My father grew lots of zinnias every year. Vases of the colorful blossoms filled the house all summer. Anyone he visited (or who visited him) received one of his arrangements, often in a coffee can covered with aluminum foil.
Cut-and-Come-Again is a common nickname for zinnias. The plants sole purpose in life is to make seed. Cutting the flowers before they go to seed (also known as deadheading) makes the plant produce more flowers — typically two for every one you cut. My vase (above) is overly crowded after deadheading my garden.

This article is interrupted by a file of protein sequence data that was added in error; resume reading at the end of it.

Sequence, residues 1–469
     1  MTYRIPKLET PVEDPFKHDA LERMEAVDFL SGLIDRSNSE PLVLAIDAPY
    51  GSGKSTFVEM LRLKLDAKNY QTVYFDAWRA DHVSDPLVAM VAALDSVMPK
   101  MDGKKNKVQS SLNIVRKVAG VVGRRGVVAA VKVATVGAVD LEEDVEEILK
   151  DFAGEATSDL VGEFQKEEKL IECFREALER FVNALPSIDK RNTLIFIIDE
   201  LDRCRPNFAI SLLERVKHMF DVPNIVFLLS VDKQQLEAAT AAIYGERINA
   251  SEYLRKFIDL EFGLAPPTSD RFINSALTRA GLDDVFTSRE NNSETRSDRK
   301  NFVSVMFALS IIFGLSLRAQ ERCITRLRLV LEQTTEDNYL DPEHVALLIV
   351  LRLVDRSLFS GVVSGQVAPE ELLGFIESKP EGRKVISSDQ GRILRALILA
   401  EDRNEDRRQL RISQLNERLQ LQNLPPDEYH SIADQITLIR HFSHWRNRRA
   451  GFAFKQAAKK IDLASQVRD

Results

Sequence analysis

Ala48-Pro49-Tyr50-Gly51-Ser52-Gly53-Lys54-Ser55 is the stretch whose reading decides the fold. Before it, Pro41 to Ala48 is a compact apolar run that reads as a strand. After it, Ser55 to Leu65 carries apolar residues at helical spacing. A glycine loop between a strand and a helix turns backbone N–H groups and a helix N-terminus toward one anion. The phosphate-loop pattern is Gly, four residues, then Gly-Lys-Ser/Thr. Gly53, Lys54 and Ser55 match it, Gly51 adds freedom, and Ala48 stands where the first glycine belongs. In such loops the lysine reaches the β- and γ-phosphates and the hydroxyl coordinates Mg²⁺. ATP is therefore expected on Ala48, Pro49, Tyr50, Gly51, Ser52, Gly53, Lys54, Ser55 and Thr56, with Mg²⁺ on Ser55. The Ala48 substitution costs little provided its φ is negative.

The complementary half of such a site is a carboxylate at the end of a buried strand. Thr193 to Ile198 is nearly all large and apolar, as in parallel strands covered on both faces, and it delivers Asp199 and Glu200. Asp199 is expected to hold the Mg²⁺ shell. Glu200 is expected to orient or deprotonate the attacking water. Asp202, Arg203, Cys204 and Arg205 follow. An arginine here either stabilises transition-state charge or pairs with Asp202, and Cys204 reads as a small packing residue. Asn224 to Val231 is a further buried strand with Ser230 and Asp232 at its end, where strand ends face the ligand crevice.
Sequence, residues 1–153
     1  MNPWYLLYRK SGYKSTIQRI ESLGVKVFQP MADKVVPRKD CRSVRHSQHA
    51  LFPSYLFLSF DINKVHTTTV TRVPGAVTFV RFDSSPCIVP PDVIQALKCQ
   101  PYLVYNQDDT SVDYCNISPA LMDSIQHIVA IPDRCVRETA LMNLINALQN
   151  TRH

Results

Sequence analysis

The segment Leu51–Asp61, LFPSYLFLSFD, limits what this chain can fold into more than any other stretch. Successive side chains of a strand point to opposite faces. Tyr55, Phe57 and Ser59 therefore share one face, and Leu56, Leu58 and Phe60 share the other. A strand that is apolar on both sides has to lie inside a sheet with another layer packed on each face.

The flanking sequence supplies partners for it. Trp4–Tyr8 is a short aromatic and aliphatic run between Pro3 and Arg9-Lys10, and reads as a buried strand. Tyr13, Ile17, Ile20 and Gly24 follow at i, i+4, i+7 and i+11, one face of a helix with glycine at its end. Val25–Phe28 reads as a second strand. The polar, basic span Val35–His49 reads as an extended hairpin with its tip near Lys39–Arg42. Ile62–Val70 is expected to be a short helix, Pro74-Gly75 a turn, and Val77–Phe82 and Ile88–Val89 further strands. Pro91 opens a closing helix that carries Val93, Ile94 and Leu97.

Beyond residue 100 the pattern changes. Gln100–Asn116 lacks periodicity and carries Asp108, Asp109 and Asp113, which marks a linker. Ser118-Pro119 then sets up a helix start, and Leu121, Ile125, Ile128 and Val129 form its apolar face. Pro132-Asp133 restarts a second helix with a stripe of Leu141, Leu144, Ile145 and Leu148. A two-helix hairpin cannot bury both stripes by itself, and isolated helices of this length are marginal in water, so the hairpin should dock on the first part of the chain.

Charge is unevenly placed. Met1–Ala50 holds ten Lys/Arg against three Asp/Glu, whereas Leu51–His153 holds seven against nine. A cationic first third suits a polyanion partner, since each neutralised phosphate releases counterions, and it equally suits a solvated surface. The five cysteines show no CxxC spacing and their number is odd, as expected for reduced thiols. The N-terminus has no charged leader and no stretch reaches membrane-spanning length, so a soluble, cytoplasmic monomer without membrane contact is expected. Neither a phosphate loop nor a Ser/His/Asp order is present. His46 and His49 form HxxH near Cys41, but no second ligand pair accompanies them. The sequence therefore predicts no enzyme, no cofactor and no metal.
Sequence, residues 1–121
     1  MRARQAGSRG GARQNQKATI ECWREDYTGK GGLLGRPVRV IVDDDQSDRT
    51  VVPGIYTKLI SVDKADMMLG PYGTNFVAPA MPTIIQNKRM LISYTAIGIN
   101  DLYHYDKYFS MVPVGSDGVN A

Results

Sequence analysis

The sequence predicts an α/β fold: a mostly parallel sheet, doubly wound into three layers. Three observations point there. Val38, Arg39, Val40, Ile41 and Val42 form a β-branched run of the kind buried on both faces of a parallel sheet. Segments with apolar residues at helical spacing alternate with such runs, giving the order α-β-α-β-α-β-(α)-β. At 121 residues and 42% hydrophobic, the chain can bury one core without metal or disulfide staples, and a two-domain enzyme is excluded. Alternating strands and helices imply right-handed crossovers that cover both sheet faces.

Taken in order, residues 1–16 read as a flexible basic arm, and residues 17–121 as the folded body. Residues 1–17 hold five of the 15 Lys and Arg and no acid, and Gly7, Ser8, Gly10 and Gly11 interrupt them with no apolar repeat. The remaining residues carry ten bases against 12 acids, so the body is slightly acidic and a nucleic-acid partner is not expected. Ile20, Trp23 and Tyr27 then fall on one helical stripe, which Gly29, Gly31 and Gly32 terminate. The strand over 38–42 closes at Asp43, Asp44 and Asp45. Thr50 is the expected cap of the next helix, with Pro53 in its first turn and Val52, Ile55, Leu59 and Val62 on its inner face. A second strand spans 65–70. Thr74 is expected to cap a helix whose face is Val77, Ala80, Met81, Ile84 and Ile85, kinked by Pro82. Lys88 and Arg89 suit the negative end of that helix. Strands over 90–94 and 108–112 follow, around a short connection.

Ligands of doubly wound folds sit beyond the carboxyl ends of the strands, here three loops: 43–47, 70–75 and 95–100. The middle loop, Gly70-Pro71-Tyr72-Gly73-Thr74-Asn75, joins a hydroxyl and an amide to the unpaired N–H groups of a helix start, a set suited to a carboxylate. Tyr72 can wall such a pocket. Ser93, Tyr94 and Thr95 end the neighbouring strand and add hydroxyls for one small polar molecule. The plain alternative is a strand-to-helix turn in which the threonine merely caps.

Because they’re plentiful in garden centers, the shrubby, heavy-blooming Profusion variety are typically the only zinnias in my garden. These (above) are orange. They also come in pink or yellow. I picked up a few more plants later in the season which must have been doubles.
The taller, cutting varieties are rarely available as plants. Fortunately, they’re easily grown from seed. I ordered a dozen plants of one variety online early in the season and planted seed for four more varieties.
All together, my little garden contains roughly 80 plants — mostly the tall, cutting varieties. The first time I deadheaded, only about a third of the plants had bloomed. About two-thirds had bloomed the second time (filling the vase above). The third wave is shaping up to be the biggest yet.